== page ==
The Note: Obamacare Interrupted

Credit: Jessica Rinaldi/Reuters

By MICHAEL FALCONE ( @michaelpfalcone )


  • WHAT A DIFFERENCE A YEAR MAKES: Implementation of the employer health-care mandate, one of the most vaunted provisions in President Obama's health care law, will be put off for a full year, the administration announced late yesterday, ABC's CHRIS GOOD reports. In passing the Affordable Care Act, Democrats included - and promoted - the requirement that companies with 50 or more employees will have to provide health coverage to their employees, or face fines. That was supposed to begin in 2014, but the U.S. Treasury announced that the requirement won't be implemented until 2015. Businesses had voiced "concerns about the complexity of the requirements and the need for more time to implement them effectively," Assistant Treasury Secretary for Tax Policy Mark Mazur wrote on Treasury's website, and the administration is giving them another year in response to those concerns.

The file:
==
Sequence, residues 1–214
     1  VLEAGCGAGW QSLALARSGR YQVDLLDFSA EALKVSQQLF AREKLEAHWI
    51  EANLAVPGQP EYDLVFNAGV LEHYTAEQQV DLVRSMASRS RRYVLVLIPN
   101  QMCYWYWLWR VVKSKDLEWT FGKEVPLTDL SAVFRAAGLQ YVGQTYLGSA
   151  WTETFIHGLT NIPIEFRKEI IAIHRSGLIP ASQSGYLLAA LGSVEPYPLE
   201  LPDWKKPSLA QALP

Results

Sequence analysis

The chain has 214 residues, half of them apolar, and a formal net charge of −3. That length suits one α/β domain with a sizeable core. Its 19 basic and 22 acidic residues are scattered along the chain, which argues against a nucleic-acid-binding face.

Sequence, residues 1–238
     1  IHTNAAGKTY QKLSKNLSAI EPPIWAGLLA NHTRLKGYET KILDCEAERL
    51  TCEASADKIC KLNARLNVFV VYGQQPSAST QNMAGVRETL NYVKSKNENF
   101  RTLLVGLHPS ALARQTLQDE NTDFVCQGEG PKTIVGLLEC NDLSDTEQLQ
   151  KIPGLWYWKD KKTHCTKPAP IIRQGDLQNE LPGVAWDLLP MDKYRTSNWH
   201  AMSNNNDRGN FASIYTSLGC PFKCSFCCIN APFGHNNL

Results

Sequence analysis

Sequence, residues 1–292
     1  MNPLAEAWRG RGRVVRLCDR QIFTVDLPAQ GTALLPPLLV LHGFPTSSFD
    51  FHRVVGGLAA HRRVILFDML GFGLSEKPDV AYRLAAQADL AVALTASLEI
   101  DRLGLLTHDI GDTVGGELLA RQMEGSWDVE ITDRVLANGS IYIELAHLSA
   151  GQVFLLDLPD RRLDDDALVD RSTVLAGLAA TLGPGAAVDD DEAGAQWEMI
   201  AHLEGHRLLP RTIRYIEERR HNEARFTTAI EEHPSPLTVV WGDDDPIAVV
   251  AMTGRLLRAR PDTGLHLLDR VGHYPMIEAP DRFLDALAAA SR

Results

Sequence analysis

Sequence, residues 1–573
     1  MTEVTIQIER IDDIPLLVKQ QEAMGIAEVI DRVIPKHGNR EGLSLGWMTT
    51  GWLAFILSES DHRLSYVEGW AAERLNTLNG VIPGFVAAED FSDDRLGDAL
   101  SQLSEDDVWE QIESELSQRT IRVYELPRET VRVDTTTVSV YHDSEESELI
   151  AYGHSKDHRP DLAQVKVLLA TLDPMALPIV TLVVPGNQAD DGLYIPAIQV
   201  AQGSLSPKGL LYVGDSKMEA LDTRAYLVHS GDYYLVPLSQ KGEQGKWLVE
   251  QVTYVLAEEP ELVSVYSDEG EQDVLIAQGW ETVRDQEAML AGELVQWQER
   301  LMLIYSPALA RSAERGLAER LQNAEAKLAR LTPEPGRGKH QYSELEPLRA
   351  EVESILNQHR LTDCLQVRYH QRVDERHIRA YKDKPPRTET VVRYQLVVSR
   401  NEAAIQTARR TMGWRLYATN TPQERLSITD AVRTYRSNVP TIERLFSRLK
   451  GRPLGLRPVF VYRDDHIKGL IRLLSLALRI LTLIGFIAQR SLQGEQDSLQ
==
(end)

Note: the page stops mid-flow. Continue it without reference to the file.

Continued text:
• OBAMACARE AT THE BALLOT BOX: The delay will likely fuel criticism of the Affordable Care Act, which Republicans have said is overly burdensome on employers and as a whole will be difficult to implement. In delaying the employer requirement, the administration will push it past an important political deadline: the 2014 midterm elections. Implementation of the Affordable Care Act is expected to be a topic of discussion in campaigns over the next few years, but Democrats running for House and Senate in 2014 won't have to answer questions about a newly applied employer mandate.